#12 – THX-1138 (1971)
Film review #12
Director: George Lucas
From the creator of Star Wars comes a science-fiction film exploring the darker side of the imagined utopia…
THX 1138 envisions a future where everything is automatised. It is a departure from the traditional utopian visions of American culture, such as Buck Rogers in the 25th Century, of which a clip is shown at the start of the movie. This is a very clever way of questioning our pre-conceived notions of the future.
The story centres around a man named THX 1138, who is a resident of a futuristic society, where the populace is forced to take drugs to suppress their emotions in favour of efficiency, productivity and order. THX unknowingly stops taking his drugs thanks to his roomate LUH, who he starts to have feelings and impulses for. He also meets SEN, who is able to hack into the mainframe of the city to get things he wants. After THX nearly causes a meltdown after not taking his drugs and therefore being unable to perform at his job, he is put on trial and sentenced to confinement. After which he tries to escape the city and find LUH.
I think the most important aspect of THX 1138 is how de-humanised everything is: Sterile white walls cover everything, the only colour being in the pills the citizens take. There are no personal effects, the living quarters are as empty as everywhere else, and everyone has a shaved head, so identity is suppressed at every level possible. This shows in the dialogue in the movie too, which is staggered, fragmented, and just plain unnatural. Even the police force which enforces the law is made entirely of robots: People building there own regulators and taking the notions of justice out of their own hands seems to show a system where technology has taken control. The film could perhaps be seen as a commentary on communism and the power of the state too?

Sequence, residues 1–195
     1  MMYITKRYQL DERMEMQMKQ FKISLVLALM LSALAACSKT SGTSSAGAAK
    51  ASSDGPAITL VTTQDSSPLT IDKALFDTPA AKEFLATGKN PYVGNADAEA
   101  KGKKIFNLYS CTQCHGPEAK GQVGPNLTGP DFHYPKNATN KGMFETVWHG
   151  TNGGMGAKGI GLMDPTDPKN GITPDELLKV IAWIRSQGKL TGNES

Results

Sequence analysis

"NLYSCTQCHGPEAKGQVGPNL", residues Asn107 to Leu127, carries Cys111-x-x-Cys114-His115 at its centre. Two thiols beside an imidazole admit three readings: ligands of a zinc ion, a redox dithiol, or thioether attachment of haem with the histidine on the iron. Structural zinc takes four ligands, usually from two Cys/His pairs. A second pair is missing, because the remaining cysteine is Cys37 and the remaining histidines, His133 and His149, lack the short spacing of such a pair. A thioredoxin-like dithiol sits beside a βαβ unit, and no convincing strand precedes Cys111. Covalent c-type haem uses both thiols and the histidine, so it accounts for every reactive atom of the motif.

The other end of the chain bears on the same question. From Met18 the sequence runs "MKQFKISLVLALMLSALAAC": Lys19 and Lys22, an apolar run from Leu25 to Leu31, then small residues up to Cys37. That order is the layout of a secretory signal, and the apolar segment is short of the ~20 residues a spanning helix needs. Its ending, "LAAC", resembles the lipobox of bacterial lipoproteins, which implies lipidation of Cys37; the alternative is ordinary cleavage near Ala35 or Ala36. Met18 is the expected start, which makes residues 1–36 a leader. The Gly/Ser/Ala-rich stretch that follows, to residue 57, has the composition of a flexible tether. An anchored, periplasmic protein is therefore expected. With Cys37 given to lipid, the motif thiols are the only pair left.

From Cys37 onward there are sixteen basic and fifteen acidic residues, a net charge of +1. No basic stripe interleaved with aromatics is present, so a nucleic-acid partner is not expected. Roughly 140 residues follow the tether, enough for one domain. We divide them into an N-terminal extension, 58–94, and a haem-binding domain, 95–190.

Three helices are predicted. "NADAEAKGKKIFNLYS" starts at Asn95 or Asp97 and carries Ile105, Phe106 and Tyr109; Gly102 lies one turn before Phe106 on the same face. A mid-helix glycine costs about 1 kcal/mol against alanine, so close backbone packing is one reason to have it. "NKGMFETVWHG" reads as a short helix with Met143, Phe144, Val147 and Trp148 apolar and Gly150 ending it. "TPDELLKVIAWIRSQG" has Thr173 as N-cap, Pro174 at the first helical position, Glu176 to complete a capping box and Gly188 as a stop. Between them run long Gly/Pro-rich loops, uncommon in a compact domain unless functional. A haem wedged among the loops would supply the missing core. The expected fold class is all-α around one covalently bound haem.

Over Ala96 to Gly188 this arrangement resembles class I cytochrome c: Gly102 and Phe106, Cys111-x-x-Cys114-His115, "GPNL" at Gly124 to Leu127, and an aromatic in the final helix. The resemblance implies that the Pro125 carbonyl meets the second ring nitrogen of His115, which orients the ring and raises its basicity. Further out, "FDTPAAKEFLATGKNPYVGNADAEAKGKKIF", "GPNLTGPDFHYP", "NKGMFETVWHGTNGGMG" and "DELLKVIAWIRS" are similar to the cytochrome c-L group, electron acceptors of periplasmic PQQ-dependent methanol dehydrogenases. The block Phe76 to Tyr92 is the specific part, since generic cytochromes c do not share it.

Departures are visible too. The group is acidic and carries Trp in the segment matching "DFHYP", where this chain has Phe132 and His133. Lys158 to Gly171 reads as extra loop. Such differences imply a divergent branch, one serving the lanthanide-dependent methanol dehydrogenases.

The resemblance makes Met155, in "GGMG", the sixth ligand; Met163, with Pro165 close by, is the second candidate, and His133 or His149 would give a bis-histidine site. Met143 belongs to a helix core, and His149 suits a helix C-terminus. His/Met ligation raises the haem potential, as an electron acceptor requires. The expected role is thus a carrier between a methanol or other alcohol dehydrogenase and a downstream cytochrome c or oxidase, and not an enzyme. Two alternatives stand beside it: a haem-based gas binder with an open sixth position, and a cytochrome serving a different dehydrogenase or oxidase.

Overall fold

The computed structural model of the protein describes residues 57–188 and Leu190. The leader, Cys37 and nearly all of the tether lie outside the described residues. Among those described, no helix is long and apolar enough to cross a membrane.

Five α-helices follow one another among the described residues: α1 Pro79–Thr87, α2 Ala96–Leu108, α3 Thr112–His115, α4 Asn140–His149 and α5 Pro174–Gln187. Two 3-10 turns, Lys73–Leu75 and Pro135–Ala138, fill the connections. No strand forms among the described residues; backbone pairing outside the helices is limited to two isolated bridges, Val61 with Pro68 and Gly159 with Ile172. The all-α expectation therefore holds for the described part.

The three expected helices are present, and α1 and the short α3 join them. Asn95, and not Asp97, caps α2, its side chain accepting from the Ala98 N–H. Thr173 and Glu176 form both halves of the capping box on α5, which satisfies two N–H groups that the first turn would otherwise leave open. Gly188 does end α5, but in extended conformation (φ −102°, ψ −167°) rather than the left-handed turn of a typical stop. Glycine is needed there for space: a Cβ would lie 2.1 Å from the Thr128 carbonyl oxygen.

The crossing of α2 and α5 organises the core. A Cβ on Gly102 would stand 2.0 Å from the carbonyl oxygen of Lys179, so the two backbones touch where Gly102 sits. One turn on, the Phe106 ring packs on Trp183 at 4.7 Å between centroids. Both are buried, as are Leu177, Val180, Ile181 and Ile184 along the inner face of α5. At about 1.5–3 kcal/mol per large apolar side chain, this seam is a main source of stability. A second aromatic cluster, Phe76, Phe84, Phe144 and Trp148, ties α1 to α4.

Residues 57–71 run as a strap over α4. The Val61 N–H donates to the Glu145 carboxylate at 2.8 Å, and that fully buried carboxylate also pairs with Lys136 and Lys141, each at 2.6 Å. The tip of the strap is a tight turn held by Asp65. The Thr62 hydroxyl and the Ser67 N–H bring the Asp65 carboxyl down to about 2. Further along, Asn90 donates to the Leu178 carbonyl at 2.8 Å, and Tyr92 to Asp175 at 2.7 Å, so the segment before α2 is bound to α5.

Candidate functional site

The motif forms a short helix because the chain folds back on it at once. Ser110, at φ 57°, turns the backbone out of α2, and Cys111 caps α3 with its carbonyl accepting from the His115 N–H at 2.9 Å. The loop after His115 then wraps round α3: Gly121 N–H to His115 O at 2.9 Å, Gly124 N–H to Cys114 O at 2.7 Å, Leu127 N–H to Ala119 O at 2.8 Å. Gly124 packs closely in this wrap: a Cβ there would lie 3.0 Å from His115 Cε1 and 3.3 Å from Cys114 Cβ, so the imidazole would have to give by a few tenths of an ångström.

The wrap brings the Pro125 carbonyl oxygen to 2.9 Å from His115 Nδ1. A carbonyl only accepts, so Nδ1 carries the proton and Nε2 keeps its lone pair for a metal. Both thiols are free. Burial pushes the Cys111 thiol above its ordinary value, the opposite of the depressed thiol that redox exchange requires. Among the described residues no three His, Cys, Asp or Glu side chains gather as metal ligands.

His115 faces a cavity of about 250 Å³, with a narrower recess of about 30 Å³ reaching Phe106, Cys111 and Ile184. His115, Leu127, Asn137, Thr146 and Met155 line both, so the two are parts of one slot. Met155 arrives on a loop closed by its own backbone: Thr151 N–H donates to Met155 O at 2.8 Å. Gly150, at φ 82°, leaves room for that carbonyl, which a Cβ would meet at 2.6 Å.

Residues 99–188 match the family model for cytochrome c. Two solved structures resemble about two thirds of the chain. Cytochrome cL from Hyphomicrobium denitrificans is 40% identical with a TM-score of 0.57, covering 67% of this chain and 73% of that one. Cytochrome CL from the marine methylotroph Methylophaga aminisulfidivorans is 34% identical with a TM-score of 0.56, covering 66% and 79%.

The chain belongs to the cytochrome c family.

Even the notion of religion is seen as controlled by the all powerful computer. OHM 1190 is the state-sanctioned religious icon, and booths are available around the city for the residents to talk to and confide in, to which OHM will occasionally spout computer generated phrases such as “Yes, I understand” or “Excellent”. These booths are adorned with an image of Jesus as depicted in Hans Meming’s painting Christ Giving His Blessing (1478), which further that notion of a religious icon. Though one has to wonder what use a religious icon is in a city where every aspect of humanity is suppressed? Perhaps its random computer generated responses are appropriate for a population without humanity, and it is another way for the state to spy on people…Being made in 1971, the movie still stand the test of time well, possibly because there is not much in the movie which can age. Everything is neutral and bland by design, and so is resistant to ageing in the eyes of the movie-goer. Another reason for its lack of ageing may be the fact that I watched the directors cut, which has updated CGI and some re-filmed sequences, of which the director George Lucas is notorious for editing and touching up his old films (See the uproar over the constant remastering of Star Wars).
So overall, we have a very disturbing vision of society in the future in THX 1138, its strange, inhuman concepts address just what it means to be human amidst our technology, and whether that technology could ever control us? It seems to me that as a departure from the views of the future in American culture at that time, THX 1138 serves as a powerful alternate perspective on the future and still maintains that relevancy today.